Teaching remotely during a pandemic is clearly very different to the normality of face-to-face teaching and many providers described the difficulty of ensuring that students engaged within the digital framework set up. The norm for each class tended to be that students, whilst present, often had their cameras switched off and this meant that the lecturer had to rely on other ways of making sure that students were engaged in learning. Digital tools such as breakout rooms, Kahoot quizzes and Padlet helped mitigate against the perils of inactivity from students and stopped them being passive receivers of knowledge. Increased interactivity also helped organisations support students’ wellbeing. A high profile online presence ensured that students had access to any support needed. This is also true for staff who are faced with the challenges of changing existing approaches at high speed with limited preparation time. Something that, without support, can be detrimental to staff wellbeing as existing support networks have been negated by the move to remote working.
     
  4. Agility and innovation
    What was most marked in the initial stages of the response to the pandemic was the way in which organisations sought out bespoke solutions to the issue of digital learning. The use of both synchronous and asynchronous methods and also a flexible approach to assessment has meant that students have had to adapt to the approach and this means that the agile approach adopted by colleges and universities has been matched by students.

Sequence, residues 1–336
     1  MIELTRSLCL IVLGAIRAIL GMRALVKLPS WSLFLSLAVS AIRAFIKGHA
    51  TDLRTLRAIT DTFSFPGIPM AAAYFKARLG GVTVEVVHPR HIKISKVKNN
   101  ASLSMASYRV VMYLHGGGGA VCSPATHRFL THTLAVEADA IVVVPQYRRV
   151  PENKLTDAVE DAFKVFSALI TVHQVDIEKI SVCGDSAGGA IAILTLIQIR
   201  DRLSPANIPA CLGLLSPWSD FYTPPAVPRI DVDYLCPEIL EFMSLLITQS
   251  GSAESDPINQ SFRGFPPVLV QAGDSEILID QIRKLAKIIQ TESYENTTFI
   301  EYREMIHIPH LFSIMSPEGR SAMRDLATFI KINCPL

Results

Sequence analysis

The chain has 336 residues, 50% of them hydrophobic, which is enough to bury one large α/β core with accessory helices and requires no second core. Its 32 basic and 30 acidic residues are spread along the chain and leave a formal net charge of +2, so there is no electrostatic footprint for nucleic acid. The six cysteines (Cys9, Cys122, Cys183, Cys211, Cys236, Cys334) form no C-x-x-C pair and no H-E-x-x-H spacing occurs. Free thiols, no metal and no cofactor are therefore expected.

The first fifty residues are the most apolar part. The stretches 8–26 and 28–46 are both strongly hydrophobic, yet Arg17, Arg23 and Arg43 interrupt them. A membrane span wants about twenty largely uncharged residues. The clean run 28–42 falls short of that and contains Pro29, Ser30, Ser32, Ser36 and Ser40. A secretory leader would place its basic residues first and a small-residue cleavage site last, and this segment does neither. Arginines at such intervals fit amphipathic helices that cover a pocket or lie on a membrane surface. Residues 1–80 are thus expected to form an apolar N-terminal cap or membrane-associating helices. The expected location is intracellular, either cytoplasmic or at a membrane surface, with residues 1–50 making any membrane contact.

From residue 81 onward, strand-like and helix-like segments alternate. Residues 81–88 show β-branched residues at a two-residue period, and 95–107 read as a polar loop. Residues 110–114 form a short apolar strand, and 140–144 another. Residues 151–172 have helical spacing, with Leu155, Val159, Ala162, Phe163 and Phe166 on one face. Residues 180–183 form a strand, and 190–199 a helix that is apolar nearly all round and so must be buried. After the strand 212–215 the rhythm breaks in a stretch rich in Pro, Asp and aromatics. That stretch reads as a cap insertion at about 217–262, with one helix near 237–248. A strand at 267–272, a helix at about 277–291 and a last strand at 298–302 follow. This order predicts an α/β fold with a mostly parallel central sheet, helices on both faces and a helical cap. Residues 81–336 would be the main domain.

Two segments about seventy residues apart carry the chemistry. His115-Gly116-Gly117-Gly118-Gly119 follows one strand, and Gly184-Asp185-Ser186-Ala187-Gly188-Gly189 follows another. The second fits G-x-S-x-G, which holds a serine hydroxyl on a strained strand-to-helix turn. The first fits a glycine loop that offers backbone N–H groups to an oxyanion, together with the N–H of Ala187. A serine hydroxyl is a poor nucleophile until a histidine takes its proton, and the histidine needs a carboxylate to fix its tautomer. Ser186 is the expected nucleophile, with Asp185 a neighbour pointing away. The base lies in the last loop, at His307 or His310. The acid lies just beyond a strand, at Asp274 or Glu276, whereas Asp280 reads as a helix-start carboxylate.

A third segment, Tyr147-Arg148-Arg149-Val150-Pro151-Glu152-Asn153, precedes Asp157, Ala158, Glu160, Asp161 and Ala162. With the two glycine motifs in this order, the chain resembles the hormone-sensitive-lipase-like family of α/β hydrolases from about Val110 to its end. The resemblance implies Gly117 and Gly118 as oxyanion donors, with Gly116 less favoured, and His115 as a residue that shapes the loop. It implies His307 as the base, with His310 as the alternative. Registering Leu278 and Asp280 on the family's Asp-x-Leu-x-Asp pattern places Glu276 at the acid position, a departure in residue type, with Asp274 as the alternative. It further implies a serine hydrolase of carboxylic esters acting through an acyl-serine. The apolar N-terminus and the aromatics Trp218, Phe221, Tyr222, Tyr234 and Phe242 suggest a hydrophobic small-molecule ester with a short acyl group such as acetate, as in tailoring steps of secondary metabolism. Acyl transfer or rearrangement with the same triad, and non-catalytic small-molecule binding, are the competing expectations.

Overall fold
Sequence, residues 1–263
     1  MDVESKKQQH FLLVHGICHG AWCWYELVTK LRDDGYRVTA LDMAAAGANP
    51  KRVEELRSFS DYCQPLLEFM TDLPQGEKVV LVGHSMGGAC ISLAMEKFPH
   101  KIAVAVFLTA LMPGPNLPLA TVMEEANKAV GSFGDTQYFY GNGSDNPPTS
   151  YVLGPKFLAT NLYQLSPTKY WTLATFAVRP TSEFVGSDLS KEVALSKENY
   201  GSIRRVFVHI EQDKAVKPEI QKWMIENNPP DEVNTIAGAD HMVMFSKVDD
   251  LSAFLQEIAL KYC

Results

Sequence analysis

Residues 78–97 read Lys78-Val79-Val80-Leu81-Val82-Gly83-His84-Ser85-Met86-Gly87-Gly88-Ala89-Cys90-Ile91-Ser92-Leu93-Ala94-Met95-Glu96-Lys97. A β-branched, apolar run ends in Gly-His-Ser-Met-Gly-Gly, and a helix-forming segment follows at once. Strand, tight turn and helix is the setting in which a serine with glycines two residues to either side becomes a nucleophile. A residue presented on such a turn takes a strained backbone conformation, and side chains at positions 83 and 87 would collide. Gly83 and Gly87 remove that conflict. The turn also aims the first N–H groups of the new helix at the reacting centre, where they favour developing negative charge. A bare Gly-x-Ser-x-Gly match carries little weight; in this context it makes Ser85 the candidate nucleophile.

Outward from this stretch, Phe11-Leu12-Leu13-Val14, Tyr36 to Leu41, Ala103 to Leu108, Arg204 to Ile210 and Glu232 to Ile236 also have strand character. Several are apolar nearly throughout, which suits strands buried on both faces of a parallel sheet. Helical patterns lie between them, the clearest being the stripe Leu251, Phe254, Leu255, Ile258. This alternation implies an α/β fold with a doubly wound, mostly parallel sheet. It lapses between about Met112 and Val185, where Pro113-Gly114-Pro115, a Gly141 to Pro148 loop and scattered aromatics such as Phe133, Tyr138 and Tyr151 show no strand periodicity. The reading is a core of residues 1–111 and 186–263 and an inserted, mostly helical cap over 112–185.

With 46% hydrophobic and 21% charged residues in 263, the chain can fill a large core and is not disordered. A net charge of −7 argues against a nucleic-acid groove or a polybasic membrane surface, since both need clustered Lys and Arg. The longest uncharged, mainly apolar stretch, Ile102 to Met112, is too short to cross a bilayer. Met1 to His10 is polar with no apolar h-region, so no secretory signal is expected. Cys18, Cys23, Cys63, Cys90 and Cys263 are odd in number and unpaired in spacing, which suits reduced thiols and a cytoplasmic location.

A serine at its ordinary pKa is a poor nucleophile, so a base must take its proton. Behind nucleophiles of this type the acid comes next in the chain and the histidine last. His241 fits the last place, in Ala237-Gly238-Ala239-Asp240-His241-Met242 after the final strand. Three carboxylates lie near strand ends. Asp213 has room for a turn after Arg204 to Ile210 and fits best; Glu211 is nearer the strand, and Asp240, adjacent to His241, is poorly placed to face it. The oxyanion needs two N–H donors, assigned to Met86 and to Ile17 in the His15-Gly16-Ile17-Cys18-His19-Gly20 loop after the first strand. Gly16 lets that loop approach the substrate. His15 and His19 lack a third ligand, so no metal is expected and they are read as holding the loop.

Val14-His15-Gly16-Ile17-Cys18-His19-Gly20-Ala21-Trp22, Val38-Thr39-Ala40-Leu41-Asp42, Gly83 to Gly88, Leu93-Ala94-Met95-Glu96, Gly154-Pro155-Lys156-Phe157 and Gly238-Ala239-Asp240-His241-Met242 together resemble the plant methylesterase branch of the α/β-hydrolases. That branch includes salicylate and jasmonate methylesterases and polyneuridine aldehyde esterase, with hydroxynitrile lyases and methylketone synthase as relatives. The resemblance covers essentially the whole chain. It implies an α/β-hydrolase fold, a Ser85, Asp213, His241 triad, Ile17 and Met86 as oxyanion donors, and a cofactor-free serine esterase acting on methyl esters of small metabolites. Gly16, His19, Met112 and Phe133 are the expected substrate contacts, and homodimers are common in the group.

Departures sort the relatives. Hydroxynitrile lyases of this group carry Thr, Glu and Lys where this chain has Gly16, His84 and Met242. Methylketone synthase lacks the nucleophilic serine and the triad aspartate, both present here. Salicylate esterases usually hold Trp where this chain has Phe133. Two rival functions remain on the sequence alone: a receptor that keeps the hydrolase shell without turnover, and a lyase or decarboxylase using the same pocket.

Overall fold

What has emerged from the evolving situation we find ourselves in is an enhanced understanding of the place digital technology has in the Further and Higher education sectors. The fear and surprise that greeted the events of early 2020 have given way to a confidence that means that the teaching has evolved significantly since the start of the pandemic. A focus on supporting those less able to cope with digital technology, the use of a consistent platform and the understanding that technology can be a gateway to interactivity has meant that both colleges and universities have been at the forefront of education’s response to the pandemic.

Whilst there remain significant challenges in terms of assessing the impact on student learning, dealing with the increased staff costs that come with increased online learning and wrestling with the challenge of putting in place the best student support processes, there is a growing feeling within Further and Higher Education that the gains seen in the last few months mean that there will be no going back to the old methods and increased digital learning is here to stay.

This article was written by Peter Wolstencroft from Liverpool John Moores University, Leanne de Main from De Montfort University and Paul Cashian from Coventry University. A further discussion on this, and other issues, can be found in their current book Achieving Teaching Excellence: Developing Your TEF Profile and Beyond, which was released last October with Open University Press.